AGRICULTURAL ECONOMISTS ANALYZED THE EFFECTS OF CLIMATE CHANGE

THE GATHERING OF EXPERTS WAS HELD DURING THREE DAYS, ORGANIZED IN PLENARY SESSIONS AND DISCUSSION PANELS.



October 18, 2017

The impact of climate change on the productive systems, and in the quality of life of the people and the urgent need to improve the productive practices, were some of the topics addressed in the V International Congress of Agricultural Economists that was held at the Talca Campus during three days.

Specialists from the American continent and Europe took part in this event, organized by our University within the framework of the celebration of the 30 years of the School of Agronomy and the 36 years of the Institution.

"Analysis of the Effects of Climate Change on Agricultural Productivity", "Agricultural Productivity and Water Reality", "Public Experiences in Agriculture: Can They Be Improved? Experiences from Latin America and the Caribbean Countries" or "Poverty, Agriculture and Rural Development", were some of the talks given by known researchers from various Chilean and foreign universities such as UC-Davis, University of Queensland and Nebraska.

At the opening of the Congress, President Alvaro Rojas valued the opportunity to turn this space into a place for the exchange of knowledge, high-level debate and an incentive for the creation of networks "based on the study of climate change, sustainability, productivity, resource management and care of the environment and diversity."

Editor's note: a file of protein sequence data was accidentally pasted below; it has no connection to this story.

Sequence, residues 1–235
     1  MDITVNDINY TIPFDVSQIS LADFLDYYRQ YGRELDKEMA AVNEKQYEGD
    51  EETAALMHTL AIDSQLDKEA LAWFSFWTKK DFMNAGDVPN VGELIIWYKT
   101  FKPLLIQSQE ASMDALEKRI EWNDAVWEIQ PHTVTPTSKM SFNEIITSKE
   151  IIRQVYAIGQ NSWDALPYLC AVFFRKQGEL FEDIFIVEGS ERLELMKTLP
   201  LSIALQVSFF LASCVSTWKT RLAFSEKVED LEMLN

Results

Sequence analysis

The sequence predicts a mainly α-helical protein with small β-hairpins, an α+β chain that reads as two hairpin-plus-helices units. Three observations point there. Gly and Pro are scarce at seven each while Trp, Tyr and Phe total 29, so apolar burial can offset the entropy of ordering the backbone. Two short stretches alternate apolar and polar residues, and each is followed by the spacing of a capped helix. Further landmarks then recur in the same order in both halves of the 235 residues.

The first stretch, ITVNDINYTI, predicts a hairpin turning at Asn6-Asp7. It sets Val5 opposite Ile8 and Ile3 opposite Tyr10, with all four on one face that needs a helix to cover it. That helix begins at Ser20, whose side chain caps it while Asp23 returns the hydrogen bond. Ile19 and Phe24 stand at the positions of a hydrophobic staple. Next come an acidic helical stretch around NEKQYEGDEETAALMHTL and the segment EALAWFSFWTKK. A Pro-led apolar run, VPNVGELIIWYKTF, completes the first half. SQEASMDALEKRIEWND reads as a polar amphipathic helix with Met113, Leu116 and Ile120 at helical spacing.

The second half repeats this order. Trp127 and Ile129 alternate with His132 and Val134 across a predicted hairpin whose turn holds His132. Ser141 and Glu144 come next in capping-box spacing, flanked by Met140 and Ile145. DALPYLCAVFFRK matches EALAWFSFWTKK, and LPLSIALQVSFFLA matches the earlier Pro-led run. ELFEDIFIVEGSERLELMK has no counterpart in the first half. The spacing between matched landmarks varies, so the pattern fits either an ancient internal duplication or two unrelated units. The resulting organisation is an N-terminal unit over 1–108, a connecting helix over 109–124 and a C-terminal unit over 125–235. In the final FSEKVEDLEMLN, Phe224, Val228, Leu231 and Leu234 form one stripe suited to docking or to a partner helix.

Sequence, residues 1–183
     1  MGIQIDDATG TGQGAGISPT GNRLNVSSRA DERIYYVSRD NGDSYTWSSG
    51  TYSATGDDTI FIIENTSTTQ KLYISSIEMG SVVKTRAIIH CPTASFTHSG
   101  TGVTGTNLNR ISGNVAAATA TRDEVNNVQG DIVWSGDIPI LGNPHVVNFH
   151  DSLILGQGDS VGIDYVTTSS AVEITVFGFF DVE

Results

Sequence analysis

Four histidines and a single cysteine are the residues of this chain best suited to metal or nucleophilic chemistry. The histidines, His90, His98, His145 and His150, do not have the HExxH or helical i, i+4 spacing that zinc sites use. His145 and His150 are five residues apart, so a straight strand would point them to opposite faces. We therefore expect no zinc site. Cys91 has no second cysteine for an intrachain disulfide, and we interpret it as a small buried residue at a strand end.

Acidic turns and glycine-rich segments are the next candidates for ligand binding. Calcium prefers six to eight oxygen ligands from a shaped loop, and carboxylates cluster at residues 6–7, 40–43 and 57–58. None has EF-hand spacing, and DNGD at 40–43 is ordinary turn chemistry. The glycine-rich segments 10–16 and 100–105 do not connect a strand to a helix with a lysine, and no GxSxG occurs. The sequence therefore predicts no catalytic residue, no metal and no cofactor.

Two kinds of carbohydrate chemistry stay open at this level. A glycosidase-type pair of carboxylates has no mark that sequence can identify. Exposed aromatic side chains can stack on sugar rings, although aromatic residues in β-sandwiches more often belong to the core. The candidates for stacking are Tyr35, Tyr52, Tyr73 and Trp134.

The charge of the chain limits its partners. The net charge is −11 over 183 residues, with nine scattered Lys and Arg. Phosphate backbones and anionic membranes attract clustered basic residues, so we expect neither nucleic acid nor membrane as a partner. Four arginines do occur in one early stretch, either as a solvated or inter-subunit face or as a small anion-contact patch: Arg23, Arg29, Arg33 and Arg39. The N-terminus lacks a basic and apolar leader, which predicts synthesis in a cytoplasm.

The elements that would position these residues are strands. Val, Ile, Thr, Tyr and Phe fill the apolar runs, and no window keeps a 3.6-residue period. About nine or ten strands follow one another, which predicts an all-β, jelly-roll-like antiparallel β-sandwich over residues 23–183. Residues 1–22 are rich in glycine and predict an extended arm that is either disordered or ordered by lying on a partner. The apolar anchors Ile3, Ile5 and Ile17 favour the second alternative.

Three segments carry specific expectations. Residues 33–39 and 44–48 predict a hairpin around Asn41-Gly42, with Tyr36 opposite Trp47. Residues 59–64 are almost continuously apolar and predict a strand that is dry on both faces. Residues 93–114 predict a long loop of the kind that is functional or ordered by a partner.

Rojas, who spoke knowingly about these subjects being himself an agricultural economist and ex-minister of Agriculture, talked about the effects of Climate change impacts on different ecosystems, people's quality of life and production. "Every day thousands of people suffer avalanches, floods, droughts, fires, tornadoes and hurricanes", he said and, among others examples, he mentioned the recent fires in Portugal and California and hurricane Irma, a few weeks ago, and forest fires in Chile last summer.

At the same time, he made reference to the effects of a bigger population and factors such as the rise in the per capita income in a number of countries, the increased demand for water and the liberalization of trade, in the productive transformation of the territories with negative impact on biodiversity. "Concepts such as environmental degradation, climate vulnerability and instability begin to fill the agrarian political debates of all countries", he remarked, at the same time associating climate change with an increase in inequalities.

Productive Practices

"World agriculture is faced with the urgency of improving production practices that will make them more sustainable, that are indeed compatible with efficient, competitive and technically and economically feasible production systems," he emphasized.